County Line Kitchen Durable Cold Brew Mason Jar Coffee Maker with Handle. Glass Jar, Stainless Steel Filter, Flip Cap Lid – 2 Quart, 64 oz

5 out of 5
SKU:B07VJJJ764 Category:
  • Description
  • Reviews (3)

Description

Make sure this fits by entering your model number.; Easy to Use: Simply add coffee, steep overnight, and enjoy fresh cold brew in the morning. Simple cleanup with dishwasher safe components.; Stainless Steel Filter: Constructed of high-quality mesh that prevents coffee grounds from entering the…

3 reviews for "County Line Kitchen Durable Cold Brew Mason Jar Coffee Maker with Handle. Glass Jar, Stainless Steel Filter, Flip Cap Lid – 2 Quart, 64 oz"

  1. :

    Although I’m new to cold brewing I did do quite a bit of research before buying this cold brew system. And I’d highly recommend it to anyone. A couple quick tips for those getting started for the first time.1. First, for those of you on a municipal water system your water is probably chlorinated. Mine is, so before I start to make a batch I fill a big bowl with cold water and let it sit on the counter while I’m grinding the coffee beans. This lets the chlorine evaporate off, not that it would probably hurt anything but I’d rather not have it in my coffee. Those of you on a private well don’t have to worry about it.2. Next, grind your coffee beans to a medium grind. Pre-ground coffee would probably work but a lot of it would get through the strainer. Some will anyway regardless, but I just pour off the last slowly and discard any grounds that settle to the bottom.3. Next, put the strainer and gasket in the jar and fill the strainer about half to 2/3 full of grounds. They’ll expand as they get wet so any more than that will sit above the water level and get wasted. Pour the water slowly through the grounds in the strainer when filling the container to the fill line.4. Don’t put the cover on too tight, especially if you’re going to be putting in the fridge. The rubber gaskets get hard when they get cold so if you really tighten them you’ll have a pretty hard time getting the cover off to take the grounds out before use.5. There are a few factors in how strong the final brew is. First is the coffee beans you use, I use a medium or breakfast blend. Next is the brewing time, I usually go 15-20 hours. Finally, you can affect the brew by where you let it sit. You’ll get stronger coffee if you let it sit at room temperature as opposed to in the fridge. I do a mix of both depending on when I start. If I make a batch in the morning I’ll let it sit on the counter for several hours and then put it in the fridge overnight. If I make a batch in the afternoon I just let it sit on the counter overnight.Finally, take the cover off and remove the strainer and grounds. I drink the coffee straight up as I use a medium blend, if it’s too strong you can always dilute it as you wish. After drinking cold brew for a while, it’s amazing how harsh hot-brewed coffee tastes now. I’ll never go back.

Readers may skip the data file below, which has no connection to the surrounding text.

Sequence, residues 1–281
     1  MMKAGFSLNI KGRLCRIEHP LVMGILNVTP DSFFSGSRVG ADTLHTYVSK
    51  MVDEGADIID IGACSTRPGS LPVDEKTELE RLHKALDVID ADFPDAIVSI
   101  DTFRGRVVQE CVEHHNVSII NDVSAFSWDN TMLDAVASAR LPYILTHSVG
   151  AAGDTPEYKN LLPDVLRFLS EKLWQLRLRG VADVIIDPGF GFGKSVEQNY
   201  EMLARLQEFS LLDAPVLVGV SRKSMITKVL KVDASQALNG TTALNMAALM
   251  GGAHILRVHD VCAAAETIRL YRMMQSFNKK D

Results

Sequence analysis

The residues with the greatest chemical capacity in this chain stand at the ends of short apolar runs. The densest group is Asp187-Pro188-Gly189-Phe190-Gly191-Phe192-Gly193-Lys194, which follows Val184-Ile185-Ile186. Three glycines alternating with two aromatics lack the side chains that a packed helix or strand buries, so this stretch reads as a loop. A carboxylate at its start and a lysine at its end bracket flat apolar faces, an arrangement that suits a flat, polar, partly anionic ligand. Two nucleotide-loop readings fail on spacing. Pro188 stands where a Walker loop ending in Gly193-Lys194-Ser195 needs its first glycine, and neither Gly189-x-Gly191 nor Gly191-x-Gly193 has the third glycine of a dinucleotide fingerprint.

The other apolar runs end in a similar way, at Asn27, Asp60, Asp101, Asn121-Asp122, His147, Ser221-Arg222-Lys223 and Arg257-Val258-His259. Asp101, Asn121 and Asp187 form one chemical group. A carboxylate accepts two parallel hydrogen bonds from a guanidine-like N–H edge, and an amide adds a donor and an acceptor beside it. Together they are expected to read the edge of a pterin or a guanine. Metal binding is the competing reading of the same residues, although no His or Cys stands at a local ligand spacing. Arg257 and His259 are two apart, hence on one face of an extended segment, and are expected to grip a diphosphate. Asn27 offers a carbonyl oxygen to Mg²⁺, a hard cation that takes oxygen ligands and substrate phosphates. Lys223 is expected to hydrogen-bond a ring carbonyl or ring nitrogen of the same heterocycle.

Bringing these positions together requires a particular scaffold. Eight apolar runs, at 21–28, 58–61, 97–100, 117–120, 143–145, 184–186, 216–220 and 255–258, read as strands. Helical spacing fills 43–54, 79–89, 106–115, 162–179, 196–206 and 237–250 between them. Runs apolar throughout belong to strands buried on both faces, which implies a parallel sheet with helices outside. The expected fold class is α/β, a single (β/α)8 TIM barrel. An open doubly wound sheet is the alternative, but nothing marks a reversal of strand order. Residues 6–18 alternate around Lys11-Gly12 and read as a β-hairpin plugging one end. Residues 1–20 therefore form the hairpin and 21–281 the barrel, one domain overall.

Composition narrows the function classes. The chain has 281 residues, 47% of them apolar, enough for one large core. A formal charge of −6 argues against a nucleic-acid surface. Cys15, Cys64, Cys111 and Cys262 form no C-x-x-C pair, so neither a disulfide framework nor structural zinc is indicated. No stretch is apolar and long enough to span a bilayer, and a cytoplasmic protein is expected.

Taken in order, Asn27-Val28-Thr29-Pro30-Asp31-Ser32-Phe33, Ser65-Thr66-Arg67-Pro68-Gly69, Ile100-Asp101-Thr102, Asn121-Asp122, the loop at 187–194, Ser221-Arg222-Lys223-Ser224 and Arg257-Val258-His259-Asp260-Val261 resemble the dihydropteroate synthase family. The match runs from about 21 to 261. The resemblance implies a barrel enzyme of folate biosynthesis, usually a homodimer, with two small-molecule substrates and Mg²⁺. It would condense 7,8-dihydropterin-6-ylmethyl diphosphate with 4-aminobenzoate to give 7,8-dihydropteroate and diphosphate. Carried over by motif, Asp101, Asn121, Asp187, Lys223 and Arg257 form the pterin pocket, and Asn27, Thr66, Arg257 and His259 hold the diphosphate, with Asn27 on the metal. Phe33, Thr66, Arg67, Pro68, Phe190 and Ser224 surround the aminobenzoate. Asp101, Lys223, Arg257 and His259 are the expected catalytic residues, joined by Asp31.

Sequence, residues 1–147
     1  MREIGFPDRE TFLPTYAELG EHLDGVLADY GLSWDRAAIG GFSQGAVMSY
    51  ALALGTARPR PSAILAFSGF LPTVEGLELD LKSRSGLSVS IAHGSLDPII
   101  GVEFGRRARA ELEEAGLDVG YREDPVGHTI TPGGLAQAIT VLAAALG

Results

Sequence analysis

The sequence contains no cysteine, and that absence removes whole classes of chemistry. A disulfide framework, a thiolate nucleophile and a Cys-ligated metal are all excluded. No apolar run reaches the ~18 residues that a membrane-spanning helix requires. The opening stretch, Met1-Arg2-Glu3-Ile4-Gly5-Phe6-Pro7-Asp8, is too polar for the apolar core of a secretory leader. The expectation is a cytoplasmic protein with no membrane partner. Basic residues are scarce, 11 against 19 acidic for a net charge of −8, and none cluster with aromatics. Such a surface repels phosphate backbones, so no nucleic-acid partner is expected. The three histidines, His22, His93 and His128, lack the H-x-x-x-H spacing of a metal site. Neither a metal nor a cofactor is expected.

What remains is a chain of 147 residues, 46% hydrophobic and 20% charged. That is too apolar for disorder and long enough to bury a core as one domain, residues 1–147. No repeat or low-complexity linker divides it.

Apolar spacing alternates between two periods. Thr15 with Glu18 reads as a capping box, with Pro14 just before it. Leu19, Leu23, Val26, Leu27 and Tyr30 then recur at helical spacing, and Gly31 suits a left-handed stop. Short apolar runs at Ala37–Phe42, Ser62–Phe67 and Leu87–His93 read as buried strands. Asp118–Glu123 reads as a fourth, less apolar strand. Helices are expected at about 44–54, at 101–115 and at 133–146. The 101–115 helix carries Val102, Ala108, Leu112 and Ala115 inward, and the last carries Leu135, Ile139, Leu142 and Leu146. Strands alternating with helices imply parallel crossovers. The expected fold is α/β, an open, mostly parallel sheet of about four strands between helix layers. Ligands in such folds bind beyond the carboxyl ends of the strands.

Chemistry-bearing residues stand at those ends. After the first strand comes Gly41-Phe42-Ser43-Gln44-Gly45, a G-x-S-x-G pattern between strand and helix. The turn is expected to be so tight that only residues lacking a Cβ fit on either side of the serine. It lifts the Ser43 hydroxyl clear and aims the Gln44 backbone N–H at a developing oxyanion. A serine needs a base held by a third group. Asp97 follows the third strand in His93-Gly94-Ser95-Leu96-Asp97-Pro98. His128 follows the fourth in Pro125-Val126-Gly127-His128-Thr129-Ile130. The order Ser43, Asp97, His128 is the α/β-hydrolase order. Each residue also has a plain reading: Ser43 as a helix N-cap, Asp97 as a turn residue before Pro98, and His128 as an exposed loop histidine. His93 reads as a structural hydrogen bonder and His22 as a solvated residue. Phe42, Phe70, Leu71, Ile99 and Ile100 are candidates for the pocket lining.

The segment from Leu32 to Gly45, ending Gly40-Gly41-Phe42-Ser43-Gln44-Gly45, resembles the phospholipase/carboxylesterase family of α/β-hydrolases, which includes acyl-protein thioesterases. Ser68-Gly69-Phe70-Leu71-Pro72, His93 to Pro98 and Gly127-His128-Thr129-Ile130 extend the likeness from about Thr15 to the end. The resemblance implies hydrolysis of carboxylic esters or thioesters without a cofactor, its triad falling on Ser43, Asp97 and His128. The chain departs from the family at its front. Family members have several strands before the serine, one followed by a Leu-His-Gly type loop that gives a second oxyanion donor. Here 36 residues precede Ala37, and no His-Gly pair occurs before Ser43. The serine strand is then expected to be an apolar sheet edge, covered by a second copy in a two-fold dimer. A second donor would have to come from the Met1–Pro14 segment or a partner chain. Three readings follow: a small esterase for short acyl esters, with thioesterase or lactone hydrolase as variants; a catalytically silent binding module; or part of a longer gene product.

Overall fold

2. :